Reducing TEA in Polyurethane Formulations without Reducing Performance

Posted by Lubrizol Performance Coatings Team on 03/07/2019

Triethylamine—often abbreviated as TEA or Et3N—is a colorless, volatile liquid used in creating polyurethane dispersions (PUDs). It is commonly employed in organic synthesis as a base for a variety of applications, such as a catalytic solvent in chemical syntheses, a corrosion inhibitor, and a curing and hardening agent for polymers.

In PUDs, TEA functions as a counter ion to the acid in the polymer backbone, allowing for the formation of polymer particles in water. It accomplishes this by ionizing the carboxylic acid in the polyurethane prepolymer. The TEA neutralizes the acid in the prepolymer, forming an ionized acid-base pair that makes it dispersible—without being ionized, it would not have the required affinity for water necessary for creating a polymeric dispersion.

However, TEA has recently faced challenges and regulatory pressure due to its hazardous vapors. Even short-term exposure to the vapors can cause severe irritation to the eyes and skin. In addition to its human health concerns, TEA is considered a volatile organic compound (VOC) and has an unpleasant, potent odor that is sometimes described as the smell of expired fish.

While TEA does offer some unique advantages for the production of PUDs, TEA-free PUD formulations can be just as effective with the right formulation changes—without hazards to human health.

One alternative to TEA is dimethylethanolamine (DMEA). It requires a bit more attention in the processing of PUDs because DMEA has a reactive alcohol attached (ethanol substituent). That means it needs to be added to the water phase, unlike TEA that can be added directly to the prepolymer. DMEA also has a higher boiling point (less volatile) than TEA, so it takes longer to leave the coating, which can reduce the chemical resistance of the coating when tested. DMEA can provide a colloidally satable particle size and dispersion; in large part due to its ability not to shock the prepolymer when its added to the water. However, it is still a relatively undesirable VOC with a poor odor profile.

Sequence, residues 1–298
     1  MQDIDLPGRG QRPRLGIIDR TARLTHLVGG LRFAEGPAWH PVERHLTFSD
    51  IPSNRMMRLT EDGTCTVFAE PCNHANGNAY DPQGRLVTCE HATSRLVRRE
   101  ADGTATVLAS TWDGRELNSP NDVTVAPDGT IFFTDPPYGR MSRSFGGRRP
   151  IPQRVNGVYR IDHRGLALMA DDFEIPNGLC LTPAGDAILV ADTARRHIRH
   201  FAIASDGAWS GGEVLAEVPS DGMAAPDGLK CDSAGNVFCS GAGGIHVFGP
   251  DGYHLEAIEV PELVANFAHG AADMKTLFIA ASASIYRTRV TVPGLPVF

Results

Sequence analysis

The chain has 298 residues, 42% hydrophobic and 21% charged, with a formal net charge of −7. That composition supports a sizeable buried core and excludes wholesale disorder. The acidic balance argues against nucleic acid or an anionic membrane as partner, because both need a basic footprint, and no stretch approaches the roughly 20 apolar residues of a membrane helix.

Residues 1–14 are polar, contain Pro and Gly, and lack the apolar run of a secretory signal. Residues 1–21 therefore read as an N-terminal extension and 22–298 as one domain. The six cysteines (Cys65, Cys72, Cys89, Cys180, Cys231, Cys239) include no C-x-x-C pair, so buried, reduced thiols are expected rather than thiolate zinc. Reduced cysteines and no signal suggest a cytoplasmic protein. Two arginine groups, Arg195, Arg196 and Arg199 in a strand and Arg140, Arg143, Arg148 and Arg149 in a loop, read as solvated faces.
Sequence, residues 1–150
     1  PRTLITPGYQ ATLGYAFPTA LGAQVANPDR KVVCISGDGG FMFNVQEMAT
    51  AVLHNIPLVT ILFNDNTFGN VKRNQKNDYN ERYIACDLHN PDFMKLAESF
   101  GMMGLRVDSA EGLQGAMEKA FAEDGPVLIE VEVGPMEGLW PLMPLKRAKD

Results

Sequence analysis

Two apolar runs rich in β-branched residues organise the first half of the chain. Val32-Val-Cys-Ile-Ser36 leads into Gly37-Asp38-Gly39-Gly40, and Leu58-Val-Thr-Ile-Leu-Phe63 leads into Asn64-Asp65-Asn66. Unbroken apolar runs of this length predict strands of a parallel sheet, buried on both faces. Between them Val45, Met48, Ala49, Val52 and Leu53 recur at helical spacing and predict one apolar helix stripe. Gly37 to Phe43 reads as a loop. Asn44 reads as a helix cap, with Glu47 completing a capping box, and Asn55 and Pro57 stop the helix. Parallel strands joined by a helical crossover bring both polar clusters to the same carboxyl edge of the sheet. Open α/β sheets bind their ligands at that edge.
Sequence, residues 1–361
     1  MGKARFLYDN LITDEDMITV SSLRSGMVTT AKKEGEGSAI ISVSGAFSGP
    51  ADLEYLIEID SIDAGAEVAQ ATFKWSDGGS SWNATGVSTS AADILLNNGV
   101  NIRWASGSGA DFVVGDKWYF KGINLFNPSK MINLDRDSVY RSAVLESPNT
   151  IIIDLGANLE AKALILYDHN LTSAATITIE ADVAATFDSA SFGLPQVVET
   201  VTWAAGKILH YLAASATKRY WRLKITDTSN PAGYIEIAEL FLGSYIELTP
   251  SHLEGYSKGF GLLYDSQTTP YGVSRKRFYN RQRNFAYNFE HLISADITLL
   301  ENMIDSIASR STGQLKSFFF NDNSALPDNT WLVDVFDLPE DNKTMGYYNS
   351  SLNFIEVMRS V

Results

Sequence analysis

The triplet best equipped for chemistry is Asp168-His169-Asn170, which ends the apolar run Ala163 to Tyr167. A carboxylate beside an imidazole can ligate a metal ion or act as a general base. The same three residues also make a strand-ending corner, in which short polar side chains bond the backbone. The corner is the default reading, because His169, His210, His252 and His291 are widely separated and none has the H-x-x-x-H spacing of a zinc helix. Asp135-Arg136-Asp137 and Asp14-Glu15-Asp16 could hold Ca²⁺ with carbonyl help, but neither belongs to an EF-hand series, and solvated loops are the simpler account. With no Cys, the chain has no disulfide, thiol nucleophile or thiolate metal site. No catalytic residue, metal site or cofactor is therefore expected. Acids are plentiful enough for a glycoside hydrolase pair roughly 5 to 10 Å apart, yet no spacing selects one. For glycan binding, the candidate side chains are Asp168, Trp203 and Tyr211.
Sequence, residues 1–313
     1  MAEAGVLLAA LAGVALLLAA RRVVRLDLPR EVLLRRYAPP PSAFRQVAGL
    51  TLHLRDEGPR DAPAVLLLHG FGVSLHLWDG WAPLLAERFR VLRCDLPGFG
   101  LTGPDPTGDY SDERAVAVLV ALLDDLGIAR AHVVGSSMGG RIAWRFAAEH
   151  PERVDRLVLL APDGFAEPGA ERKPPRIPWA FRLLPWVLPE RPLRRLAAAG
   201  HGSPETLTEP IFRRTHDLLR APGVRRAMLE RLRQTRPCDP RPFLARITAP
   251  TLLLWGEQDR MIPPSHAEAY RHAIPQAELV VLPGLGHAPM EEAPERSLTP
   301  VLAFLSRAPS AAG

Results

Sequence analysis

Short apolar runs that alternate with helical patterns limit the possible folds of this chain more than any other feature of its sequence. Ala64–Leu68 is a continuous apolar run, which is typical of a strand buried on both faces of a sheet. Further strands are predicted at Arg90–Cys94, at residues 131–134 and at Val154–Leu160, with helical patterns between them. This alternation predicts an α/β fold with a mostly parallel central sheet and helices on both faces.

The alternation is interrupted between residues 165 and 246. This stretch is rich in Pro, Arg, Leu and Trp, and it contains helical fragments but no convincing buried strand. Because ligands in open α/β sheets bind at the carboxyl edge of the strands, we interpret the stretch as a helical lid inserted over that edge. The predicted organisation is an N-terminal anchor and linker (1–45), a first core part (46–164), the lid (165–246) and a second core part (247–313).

Inorganic or metal bases, such as sodium and potassium hydroxide, can be used as a TEA alternative for ionizing acid substituents on polymers. However, these materials can be difficult to work with and can negatively impact final PUD qualities. Because metals such as sodium form such strong bases, they tend to shock or agglomerate the prepolymer as it is added to water, resulting in a gritty/“dirty” dispersion of poor quality that contains polymer that is not stable in water and result in sediment in the container. Moreover, metal bases such as sodium are permanent or non-volatile and may be expected to negatively impact coating performance in terms of poorer water resistance.  However, they will not contribute to the VOC emissions of the coating, improving the sustainability of the product.